Home News and Features Library Becomes Hub for Internet Use When Comcast is Down

Library Becomes Hub for Internet Use When Comcast is Down

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Every room at the Kellogg-Hubbard Library was filled on Monday, Dec. 4, as people flocked to one of the only spots with working internet after wet, heavy snow knocked out Comcast service overnight. Photo by Cassandra Hemenway.
Glance around any room in the Kellogg-Hubbard Library on Monday, Dec. 4, and you would have seen fingers clacking, laptops open, cell phones out. The internet was down seemingly everywhere except the library, and Montpelier needed a place to work. The historic building on Main Street was packed with people out of options after another round of wet, heavy snow hit the region and knocked out the Comcast/Xfinity internet service for most of the day. Even the local cafés had no
internet. 

When the power goes out (or internet, or both), the library gets flooded with phone calls first thing in the morning, said Carolyn Picazio, Kellogg-Hubbard Library Director. 

People call and ask “Do you have internet? Do you have power?” over and over again, all morning, she said. “… the same thing happened last Monday when we had a heavy, wet snow. We see a tremendous number of people in the library (when the internet is down) and we will probably be packed all day unless services come back on and people head home.”

(Full disclosure: with the internet down at staff homes and at our office on the Vermont College of Fine Arts campus, two of us at The Bridge completed final reporting, editing, and business administration for this issue from a crowded table in the library’s fiction section Monday morning.)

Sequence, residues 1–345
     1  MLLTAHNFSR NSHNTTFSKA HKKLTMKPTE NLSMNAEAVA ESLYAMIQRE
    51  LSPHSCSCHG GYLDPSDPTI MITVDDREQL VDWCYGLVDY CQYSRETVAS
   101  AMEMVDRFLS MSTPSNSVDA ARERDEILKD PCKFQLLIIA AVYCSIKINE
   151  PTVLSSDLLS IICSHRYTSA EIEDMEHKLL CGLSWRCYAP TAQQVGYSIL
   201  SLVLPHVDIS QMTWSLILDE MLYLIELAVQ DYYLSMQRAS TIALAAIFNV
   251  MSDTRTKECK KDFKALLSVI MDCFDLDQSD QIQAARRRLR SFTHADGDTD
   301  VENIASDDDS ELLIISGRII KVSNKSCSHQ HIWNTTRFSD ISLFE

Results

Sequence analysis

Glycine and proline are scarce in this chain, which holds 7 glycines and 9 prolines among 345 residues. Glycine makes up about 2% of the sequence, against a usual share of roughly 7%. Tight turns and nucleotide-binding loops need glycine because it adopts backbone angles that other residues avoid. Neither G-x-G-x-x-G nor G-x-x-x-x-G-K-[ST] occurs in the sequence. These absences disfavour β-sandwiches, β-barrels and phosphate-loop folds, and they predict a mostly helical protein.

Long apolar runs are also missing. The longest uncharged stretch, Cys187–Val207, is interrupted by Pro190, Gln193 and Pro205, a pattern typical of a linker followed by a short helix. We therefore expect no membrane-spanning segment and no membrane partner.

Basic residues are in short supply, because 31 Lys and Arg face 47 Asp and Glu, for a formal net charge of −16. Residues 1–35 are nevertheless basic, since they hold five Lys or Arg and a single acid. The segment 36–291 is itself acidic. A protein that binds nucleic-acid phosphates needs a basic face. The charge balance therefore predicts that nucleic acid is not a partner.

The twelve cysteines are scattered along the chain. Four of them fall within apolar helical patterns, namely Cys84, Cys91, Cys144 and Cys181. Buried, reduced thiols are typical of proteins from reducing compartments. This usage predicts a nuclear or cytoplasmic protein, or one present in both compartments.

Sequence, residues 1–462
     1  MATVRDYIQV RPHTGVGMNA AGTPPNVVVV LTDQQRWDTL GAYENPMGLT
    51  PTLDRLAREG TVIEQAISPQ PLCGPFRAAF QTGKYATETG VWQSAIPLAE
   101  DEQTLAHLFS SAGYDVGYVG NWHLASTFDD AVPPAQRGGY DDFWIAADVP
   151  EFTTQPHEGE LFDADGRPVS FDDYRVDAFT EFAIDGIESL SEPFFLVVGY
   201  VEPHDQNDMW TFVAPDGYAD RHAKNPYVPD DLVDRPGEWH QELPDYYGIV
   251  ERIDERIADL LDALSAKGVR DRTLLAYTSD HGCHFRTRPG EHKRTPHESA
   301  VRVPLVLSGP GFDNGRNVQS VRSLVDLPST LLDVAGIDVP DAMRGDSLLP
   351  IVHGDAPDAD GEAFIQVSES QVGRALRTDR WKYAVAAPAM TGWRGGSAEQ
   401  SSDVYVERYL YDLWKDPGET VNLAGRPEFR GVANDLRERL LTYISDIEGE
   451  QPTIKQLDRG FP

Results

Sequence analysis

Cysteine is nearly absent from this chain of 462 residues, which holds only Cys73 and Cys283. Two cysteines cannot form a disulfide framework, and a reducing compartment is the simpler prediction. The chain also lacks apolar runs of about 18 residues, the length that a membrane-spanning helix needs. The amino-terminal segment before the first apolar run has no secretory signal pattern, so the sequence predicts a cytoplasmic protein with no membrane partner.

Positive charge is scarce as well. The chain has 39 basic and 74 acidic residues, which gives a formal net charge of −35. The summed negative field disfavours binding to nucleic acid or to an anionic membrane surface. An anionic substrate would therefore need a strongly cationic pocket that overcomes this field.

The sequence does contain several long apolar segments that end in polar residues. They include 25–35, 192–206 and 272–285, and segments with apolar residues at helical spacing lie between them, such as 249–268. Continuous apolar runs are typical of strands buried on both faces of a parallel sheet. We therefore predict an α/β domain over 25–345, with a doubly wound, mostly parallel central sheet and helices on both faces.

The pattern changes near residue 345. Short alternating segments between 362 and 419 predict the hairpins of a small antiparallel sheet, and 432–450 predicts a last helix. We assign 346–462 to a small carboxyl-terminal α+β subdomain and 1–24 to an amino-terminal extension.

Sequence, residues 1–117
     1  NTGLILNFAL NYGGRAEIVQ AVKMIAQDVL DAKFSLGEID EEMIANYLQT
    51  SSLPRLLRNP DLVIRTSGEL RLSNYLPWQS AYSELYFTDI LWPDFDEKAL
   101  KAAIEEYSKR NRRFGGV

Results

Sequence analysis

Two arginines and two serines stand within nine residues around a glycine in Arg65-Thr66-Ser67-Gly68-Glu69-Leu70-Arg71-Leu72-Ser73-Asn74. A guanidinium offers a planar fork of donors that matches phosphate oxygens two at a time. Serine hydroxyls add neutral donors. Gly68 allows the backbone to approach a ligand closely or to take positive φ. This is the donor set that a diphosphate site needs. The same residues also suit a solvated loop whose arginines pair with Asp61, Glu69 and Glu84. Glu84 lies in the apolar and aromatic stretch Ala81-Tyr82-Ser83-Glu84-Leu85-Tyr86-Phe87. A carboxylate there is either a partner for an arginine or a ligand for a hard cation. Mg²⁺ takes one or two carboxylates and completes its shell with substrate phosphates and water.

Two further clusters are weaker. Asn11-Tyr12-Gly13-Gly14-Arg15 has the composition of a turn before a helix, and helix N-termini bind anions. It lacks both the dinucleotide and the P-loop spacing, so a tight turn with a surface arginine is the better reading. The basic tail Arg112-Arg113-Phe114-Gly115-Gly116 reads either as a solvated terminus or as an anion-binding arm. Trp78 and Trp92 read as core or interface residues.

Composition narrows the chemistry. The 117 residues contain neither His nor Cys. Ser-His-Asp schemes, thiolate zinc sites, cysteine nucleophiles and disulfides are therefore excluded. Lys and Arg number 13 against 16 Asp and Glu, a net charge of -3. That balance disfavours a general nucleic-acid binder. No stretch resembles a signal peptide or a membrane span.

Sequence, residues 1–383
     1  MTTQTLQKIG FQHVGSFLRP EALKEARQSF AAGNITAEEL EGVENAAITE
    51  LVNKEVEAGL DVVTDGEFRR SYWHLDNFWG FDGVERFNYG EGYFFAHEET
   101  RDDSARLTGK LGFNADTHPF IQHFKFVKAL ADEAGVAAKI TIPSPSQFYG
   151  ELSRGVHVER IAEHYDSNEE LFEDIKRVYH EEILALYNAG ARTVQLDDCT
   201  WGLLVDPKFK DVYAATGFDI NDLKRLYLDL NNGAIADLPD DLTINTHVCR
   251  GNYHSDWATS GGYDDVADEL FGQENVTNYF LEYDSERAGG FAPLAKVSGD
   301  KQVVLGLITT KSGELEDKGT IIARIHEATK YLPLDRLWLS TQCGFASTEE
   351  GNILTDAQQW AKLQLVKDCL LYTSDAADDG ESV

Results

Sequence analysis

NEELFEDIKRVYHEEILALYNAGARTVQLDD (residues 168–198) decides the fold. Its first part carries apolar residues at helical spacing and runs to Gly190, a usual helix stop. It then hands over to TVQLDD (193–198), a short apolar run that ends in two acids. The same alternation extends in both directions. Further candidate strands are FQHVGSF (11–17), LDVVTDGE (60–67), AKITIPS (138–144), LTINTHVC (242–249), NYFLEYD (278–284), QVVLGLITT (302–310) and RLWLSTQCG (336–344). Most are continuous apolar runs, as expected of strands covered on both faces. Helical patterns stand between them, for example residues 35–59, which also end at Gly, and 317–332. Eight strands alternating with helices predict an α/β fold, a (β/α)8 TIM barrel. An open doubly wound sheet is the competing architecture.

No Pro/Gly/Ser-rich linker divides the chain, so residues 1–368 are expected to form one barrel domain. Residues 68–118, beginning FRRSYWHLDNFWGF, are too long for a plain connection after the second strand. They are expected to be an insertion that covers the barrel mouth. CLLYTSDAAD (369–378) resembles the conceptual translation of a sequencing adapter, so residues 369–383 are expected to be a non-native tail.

Although several people shushed this reporter while making phone calls for some of the stories you see in this issue, Kellogg-Hubbard is in fact a “talking” library and has been for at least seven years, Picazio said. (In case you didn’t get the memo, there are signs posted around the building that say “Yes, you can talk in the library!”) The nonfiction room is designated as a silent space for people who need quiet, she added.

So why does the library have internet when the rest of the town doesn’t? 

“We have FirstLight fiber and we were part of a pilot program about a decade ago, through the Vermont Department of Libraries to bring more libraries onto fiber service,” Picazio said. Because so many people rely on the library during weather events, Picazio said, “We’re talking about getting a generator particularly as the grid gets older in Vermont. As we’re having more of these extreme weather events, the library is a place where people do come when they don’t have services at home and so we’re talking about … building resiliency so that we can be the place that’s open where people can come and work and keep connected and communicate.”

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